I watched Louis out of the corner of my eye, and put it to myself, "Has suffering had a softening or a hardening effect on him?" By dint of close study, I arrived at the conclusion that his love amounted to a passion. Once transformed into an idol, whose slightest frown would turn him white and trembling, I realized that I might venture anything. I drew him aside in the most natural manner on solitary walks, during which I discreetly sounded his feelings. I made him talk, and got him to expound to me his ideas and plans for our future. My questions betrayed so many preconceived notions, and went so straight for the weak points in this terrible dual existence, that Louis has since confessed to me the alarm it caused him to find in me so little of the ignorant maiden.

Then I listened to what he had to say in reply. He got mixed up in his arguments, as people do when handicapped by fear; and before long it became clear that chance had given me for adversary one who was the less fitted for the contest because he was conscious of what you magniloquently call my "greatness of soul." Broken by sufferings and misfortune, he looked on himself as a sort of wreck, and three fears in especial haunted him.

First, we are aged respectively thirty-seven and seventeen; and he could not contemplate without quaking the twenty years that divide us. In the next place, he shares our views on the subject of my beauty, and it is cruel for him to see how the hardships of his life have robbed him of youth. Finally, he felt the superiority of my womanhood over his manhood. The consciousness of these three obvious drawbacks made him distrustful of himself; he doubted his power to make me happy, and guessed that he had been chosen as the lesser of two evils.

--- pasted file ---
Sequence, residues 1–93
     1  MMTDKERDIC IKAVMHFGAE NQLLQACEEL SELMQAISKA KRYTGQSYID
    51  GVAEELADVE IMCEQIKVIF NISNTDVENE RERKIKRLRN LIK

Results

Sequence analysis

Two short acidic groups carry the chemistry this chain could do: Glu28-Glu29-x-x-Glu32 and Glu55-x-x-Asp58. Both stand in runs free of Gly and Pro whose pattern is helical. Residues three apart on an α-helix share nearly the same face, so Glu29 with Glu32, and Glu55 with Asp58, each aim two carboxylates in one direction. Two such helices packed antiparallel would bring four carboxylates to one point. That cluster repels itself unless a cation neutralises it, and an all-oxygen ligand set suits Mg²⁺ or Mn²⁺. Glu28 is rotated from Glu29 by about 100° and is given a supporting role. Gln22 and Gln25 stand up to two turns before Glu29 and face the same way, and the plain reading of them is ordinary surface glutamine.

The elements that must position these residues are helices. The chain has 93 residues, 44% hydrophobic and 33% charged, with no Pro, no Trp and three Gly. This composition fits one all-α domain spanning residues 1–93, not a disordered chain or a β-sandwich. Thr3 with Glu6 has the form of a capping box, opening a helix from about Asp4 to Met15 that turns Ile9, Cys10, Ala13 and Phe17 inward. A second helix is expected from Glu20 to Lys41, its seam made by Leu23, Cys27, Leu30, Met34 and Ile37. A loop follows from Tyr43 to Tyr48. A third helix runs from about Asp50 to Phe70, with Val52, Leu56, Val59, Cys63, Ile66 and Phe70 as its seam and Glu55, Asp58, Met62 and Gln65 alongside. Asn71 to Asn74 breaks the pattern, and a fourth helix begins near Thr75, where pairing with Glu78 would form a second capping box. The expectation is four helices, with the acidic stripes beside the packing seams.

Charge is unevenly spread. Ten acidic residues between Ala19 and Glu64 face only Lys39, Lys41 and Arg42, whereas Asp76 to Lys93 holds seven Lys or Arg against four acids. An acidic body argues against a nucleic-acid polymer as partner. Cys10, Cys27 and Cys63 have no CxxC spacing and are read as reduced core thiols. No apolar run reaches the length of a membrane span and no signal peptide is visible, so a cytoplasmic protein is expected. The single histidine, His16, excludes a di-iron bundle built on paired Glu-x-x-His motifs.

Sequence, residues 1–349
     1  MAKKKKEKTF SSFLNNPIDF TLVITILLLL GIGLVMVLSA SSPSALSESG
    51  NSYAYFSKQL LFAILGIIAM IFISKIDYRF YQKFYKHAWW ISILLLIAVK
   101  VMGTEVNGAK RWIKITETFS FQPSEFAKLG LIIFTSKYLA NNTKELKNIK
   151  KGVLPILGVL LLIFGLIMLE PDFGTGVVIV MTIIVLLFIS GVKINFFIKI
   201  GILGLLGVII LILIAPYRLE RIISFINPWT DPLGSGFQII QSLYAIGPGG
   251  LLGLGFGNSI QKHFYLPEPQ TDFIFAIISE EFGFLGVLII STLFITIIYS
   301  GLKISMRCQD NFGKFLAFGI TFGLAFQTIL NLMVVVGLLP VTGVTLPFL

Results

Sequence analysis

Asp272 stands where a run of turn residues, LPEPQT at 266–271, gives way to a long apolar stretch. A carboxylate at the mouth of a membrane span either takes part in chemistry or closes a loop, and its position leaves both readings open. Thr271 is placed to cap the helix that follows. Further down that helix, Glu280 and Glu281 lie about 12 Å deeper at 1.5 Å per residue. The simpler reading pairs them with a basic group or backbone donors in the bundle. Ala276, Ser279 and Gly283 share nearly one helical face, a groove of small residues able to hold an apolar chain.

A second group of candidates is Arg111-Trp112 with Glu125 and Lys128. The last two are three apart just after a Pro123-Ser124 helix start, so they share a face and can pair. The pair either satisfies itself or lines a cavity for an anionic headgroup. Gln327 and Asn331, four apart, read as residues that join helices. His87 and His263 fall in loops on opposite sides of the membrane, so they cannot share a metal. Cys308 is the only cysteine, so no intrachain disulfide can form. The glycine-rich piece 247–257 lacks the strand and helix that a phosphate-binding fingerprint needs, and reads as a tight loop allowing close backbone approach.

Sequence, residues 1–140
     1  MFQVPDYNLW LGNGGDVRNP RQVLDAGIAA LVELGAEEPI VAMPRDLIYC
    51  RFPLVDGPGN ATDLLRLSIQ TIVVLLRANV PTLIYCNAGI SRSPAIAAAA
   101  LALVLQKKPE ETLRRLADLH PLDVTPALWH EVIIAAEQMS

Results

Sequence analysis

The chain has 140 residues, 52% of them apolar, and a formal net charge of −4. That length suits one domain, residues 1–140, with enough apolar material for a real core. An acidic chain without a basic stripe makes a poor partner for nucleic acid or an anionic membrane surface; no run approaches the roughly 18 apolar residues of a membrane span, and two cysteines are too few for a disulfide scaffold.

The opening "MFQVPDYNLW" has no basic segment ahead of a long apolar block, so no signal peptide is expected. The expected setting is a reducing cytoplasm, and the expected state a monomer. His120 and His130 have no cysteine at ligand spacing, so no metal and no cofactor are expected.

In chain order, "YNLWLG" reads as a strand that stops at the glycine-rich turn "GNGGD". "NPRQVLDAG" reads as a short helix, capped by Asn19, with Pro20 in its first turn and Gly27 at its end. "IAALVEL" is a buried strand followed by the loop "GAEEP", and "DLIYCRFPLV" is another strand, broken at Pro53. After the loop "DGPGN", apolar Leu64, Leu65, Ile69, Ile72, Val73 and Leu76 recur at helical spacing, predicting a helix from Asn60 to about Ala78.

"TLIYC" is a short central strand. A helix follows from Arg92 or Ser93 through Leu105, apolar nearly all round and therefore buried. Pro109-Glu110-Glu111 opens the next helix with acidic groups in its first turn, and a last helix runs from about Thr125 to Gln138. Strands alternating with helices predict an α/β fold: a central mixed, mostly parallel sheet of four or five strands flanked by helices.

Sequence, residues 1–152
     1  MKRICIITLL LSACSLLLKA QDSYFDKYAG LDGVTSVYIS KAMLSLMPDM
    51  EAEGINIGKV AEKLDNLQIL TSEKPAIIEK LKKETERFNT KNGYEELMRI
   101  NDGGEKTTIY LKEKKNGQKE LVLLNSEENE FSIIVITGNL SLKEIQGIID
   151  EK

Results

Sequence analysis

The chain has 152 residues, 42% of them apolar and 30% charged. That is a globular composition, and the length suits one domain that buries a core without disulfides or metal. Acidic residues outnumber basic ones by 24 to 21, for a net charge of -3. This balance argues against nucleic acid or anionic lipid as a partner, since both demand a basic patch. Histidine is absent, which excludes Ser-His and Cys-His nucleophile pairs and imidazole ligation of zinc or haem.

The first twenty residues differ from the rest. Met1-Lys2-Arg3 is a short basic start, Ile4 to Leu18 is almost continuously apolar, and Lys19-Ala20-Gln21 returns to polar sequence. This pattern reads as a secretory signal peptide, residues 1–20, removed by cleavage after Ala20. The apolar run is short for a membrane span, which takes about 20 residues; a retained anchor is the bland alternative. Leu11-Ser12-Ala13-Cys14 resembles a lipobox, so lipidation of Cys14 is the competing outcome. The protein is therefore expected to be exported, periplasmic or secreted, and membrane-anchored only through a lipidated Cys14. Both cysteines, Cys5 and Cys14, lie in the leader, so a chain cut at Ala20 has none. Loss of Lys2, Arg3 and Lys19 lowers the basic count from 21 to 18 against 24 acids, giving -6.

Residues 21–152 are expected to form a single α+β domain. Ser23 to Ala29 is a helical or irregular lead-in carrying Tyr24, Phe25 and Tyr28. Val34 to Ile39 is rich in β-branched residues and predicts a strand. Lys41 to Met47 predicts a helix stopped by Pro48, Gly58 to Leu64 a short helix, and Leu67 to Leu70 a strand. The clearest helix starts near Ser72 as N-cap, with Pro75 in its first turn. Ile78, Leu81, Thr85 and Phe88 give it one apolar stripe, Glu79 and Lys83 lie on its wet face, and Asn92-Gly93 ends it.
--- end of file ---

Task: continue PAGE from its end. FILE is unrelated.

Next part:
One evening he tentatively suggested that I only married him to escape the convent.

"I cannot deny it," was my grave reply.

My dear, it touched me to the heart to see the two great tears which stood in his eyes. Never before had I experienced the shock of emotion which a man can impart to us.

"Louis," I went on, as kindly as I could, "it rests entirely with you whether this marriage of convenience becomes one to which I can give my whole heart. The favor I am about to ask from you will demand unselfishness on your part, far nobler than the servitude to which a man's love, when sincere, is supposed to reduce him. The question is, Can you rise to the height of friendship such as I understand it?